Drama and Theater
Drama and Theater
What is drama? What are the similarities and differences between Greek Drama, Renaissance Drama, Kabuki Drama, and Contemporary Drama? Drama is tension. In the context of a play in a theatre, tension often means that the audience is expecting something to happen between the characters on stage. Will they shoot each other? Will they finally confess their undying love for one another? Drama derived from the Greek verb dran, meaning “ to act” or “to do”, refers to actions or deeds as they are performed in a theatrical setting for the benefit of a body of spectators.
Drama is often combined with music and dance: the drama in opera is sung throughout; musicals include spoken dialogue and songs; and some forms of drama have regular musical accompaniment (Banham, 1998). Drama was the crowning glory of the Athenian Age. This period has been called by different terms. It has been called the Age of Pericles because Pericles was the ruling power in Athens at the time. It has been also called the Athenian Age because Athens became the white-hot literary center of Greece, and it has been called the Golden Age because the drama flourished during this period.
There were three great tragic writers: Aeschylus, Sophocles, Euripides, and Aristophanes, the greatest writer of comedy the world has ever produced ( Serrano & Lapid, 1987, p. 26) Drama and Theater The theatre of ancient Greece, or ancient Greek drama, is a theatrical culture that flourished in ancient Greece between c. 550 and c. 220 BCE. It is true that there is much in human nature that loves dramatic presentation, for man loves to imitate other persons. Gestures by a narrator or an orator may be considered dramatic, but these are only disjointed actions; there is a wide step between this and dramatic actions.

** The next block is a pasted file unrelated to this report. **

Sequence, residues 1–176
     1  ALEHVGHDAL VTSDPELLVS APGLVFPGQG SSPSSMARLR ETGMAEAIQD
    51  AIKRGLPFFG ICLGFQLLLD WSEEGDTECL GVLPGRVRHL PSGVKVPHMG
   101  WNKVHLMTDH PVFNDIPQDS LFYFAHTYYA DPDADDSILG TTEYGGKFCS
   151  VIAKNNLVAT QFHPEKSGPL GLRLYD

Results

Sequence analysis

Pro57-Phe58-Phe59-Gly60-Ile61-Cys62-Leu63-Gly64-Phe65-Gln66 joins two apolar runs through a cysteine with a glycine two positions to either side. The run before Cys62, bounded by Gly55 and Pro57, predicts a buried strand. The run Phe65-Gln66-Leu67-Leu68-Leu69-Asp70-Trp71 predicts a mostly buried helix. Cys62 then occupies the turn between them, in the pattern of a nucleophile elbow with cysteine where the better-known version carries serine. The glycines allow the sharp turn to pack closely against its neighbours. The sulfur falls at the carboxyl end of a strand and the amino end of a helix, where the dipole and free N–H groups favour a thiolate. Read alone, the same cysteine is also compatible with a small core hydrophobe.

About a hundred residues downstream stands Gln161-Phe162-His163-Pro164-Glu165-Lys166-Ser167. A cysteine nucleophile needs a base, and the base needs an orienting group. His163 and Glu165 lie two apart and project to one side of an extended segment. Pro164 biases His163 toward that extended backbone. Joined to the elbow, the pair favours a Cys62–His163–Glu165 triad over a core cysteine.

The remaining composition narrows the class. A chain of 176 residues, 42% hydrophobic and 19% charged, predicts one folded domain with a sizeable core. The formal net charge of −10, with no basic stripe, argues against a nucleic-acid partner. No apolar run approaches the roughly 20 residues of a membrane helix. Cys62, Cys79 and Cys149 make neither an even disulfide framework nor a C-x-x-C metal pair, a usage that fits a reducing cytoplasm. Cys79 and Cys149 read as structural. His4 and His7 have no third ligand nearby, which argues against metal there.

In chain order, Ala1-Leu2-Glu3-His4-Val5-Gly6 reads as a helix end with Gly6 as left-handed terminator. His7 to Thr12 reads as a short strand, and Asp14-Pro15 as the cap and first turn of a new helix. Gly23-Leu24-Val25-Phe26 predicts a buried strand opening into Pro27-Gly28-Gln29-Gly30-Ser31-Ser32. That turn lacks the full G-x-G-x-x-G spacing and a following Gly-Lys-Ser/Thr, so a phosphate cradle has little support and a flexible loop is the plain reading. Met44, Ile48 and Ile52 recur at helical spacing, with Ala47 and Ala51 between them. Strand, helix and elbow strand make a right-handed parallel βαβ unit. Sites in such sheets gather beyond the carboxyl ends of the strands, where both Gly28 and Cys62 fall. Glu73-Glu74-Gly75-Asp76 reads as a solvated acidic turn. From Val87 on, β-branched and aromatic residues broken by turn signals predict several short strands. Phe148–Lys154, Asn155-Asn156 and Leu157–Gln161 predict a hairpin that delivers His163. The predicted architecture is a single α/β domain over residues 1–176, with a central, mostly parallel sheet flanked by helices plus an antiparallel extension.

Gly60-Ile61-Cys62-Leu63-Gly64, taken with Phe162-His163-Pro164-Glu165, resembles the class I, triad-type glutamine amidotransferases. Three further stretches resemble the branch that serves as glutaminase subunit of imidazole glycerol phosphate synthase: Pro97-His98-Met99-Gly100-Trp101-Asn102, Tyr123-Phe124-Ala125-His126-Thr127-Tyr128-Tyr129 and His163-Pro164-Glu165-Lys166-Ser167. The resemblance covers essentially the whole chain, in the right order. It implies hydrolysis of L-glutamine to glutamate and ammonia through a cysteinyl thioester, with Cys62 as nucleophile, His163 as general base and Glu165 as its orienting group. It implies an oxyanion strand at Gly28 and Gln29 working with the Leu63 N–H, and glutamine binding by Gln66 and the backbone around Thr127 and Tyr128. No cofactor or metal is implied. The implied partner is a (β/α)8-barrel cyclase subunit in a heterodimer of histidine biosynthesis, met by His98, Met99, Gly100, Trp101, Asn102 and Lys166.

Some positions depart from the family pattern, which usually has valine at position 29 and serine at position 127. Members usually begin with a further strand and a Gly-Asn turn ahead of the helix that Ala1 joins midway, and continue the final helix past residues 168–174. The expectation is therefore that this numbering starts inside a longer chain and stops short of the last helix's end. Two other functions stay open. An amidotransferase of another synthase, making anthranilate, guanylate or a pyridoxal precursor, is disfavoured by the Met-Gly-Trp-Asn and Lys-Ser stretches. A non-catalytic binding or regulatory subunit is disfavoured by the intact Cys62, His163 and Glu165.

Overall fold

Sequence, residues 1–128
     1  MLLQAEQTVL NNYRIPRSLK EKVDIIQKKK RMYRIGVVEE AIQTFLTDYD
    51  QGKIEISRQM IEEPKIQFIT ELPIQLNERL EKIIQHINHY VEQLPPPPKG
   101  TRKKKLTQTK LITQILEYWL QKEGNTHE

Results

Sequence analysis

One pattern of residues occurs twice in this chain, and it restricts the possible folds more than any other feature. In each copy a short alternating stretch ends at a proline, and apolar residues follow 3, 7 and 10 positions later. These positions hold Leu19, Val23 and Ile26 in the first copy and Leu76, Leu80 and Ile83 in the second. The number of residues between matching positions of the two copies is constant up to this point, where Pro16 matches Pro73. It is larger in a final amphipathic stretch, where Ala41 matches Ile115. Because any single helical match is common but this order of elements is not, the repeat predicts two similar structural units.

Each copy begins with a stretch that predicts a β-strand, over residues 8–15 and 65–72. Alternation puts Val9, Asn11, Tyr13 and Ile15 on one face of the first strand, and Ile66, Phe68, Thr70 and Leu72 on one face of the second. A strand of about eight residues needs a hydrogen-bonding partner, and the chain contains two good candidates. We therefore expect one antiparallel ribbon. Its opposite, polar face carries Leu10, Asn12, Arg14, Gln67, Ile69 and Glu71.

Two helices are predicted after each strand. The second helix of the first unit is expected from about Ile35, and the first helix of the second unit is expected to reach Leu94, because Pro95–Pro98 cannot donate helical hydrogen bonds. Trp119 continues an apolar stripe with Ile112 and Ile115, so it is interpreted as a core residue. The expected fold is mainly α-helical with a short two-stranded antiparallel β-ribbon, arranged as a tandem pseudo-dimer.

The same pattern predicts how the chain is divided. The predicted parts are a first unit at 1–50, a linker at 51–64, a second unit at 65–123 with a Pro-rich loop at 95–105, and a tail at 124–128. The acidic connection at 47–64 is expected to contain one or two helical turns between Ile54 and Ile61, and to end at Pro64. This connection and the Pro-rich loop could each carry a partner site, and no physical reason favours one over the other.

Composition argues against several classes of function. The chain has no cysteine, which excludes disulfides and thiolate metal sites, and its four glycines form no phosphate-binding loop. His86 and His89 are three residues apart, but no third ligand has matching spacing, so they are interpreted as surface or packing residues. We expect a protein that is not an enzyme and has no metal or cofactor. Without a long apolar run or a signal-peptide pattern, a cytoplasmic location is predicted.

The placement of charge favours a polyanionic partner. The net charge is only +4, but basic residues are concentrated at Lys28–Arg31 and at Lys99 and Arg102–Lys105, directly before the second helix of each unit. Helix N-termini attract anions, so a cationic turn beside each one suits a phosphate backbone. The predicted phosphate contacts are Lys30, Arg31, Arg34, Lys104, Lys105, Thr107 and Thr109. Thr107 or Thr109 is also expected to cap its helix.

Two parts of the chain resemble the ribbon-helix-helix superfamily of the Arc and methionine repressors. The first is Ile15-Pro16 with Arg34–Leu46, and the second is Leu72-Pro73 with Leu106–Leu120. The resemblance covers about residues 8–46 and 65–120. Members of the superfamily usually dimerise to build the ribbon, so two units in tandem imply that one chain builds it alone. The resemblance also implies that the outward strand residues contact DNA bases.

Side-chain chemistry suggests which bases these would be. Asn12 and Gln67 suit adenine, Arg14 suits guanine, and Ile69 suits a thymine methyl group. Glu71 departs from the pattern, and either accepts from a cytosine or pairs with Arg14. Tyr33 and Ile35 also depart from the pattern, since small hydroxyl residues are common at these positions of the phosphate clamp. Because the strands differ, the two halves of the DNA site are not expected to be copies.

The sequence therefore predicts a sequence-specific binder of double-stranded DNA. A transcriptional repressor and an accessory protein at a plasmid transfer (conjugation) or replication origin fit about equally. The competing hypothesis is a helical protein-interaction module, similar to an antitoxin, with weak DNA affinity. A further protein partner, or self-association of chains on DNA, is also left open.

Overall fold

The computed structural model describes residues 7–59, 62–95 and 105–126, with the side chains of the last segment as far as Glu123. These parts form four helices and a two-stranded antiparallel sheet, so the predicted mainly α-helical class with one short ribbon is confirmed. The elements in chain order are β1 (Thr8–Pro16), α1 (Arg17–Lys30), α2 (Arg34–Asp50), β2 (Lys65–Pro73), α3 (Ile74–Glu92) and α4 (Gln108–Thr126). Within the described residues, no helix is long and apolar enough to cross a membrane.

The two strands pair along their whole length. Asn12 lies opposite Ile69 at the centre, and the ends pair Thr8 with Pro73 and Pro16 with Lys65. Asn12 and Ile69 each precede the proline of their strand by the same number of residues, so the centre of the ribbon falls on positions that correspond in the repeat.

The Greeks gave the drama as a literary form to the world. The drama of antiquity is very different from the drama as we now know it. It had dignity, nobility, and power. It had little of the spontaneity and easy naturalness of modern plays. The Greek drama was cut up into situations or episodes, and between these episodes were choral recitations of great length. These choral recitations, though they had beauty and power, slowed the action and interrupted the forward movement of the story. The choruses however, were visually attractive.
The participants, competed with each other in the splendor of their dresses and the excellence of their singing and dancing (Serrano and Lapid, 1987, p. 26-27). Some example of the Greek drama were the Story of Agamemnon and Clytemnestra , by Aeschylus and The story of Oedipus The King by Sophocles (p. 28). Primary in a true appreciation of Renaissance drama is the poetry. The theatre of their day was a poetical one. Rather than being confused by the poetry we find in these plays, we need to understand why the poetical theatre was, and is, superior in expression and more powerful in emotion than a realistic one.
Their stage was “conventional”or poetical while today’s stage is realistic. As an example, in Shakespeare’s Timon of Athens Timon is disgusted with mankind, hating all of the supposedly “decent” people he knows. When confronted by thieves he tells them to go about their work merrily; everyone steals, and he offers examples of thievery: I’ll example you with thievery: The sun’s a thief, and with his great attraction Robs the vast sea; the moon’s an arrant thief, And her pale fire she snatches from the sun; The sea’s a thief, whose liquid surge resolves